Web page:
Joe Williams reports this week in U.S. News & World Report under the headline, "Penthouse Populist: Why the rural poor love Donald Trump." Williams explores and tries to explain why the rural poor are attracted to Trump--or, just as tellingly or saliently--why they do not care for Hillary Clinton:
Drive an hour or two outside of any major U.S. city, however – Washington, D.C., for example – and campaign signs for Trump dominate the countryside: nestled in soybean fields and thick woods; beside two-lane highways and shotgun houses.Interestingly, just as Williams is pondering this question for U.S. News, I see that Arlie Hochschild has just published a book called Strangers in Their Own Land: Anger and Mourning on the American Right. This title is telling because it suggests--perhaps accurately--that the conservative Tea Party types Hochschild went to Louisiana to interview--and whose lives and opinions are the core of the book--have become the "strangers" in the United States, that they are no longer the default norm they were once seen as being. More on Hochschild's book another day.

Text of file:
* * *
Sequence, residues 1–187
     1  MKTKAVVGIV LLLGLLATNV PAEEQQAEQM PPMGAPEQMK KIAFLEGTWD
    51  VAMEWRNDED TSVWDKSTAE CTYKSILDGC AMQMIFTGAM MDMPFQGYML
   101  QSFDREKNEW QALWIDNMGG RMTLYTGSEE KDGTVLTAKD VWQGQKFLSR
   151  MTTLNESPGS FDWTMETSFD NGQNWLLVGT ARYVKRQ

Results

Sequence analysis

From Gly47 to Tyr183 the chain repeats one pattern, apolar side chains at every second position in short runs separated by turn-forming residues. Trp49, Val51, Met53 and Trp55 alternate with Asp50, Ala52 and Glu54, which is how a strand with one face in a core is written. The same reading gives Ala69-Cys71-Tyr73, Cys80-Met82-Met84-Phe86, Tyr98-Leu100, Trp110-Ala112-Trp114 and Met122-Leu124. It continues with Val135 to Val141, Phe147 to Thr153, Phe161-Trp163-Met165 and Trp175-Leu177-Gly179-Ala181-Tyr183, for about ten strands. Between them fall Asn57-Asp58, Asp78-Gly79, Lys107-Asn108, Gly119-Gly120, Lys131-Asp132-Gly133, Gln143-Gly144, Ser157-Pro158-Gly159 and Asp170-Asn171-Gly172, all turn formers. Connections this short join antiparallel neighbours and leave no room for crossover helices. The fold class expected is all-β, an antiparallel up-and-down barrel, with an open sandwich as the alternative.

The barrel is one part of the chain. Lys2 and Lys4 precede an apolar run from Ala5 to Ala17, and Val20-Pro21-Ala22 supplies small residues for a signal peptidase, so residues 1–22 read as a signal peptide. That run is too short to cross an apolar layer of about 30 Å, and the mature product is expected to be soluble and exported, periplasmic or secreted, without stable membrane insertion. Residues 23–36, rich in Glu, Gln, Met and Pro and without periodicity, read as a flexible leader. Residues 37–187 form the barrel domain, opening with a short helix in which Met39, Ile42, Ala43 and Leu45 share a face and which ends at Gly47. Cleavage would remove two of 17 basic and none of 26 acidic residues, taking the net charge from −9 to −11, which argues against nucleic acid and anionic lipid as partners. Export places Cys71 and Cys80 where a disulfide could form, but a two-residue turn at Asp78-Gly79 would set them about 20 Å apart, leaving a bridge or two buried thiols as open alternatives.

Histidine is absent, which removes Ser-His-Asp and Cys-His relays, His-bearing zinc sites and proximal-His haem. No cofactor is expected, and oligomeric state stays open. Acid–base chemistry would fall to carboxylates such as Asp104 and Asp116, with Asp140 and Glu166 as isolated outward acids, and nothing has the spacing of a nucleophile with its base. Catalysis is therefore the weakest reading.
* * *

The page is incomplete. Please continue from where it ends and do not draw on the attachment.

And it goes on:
Support for Clinton is hard to find, if it exists at all.
"I guess I want to say it's not terribly surprising," says Lisa Pruitt, a faculty member at the Center for Poverty Research at the University California-Davis. "I would say it's not terribly unusual."
That's because, despite a strong grasp on rural poverty issues and more than a decade in the Ozarks, Clinton is an intellectual Democratic politician – anathema to God-fearing, gun-loving people in places like the Central Plains or down-east Maine. Voters in the American hinterlands don't much like where her party stands on hot-button issues like same-sex marriage, civil rights and abortion, and believe she's among the political elites who constantly look down on them.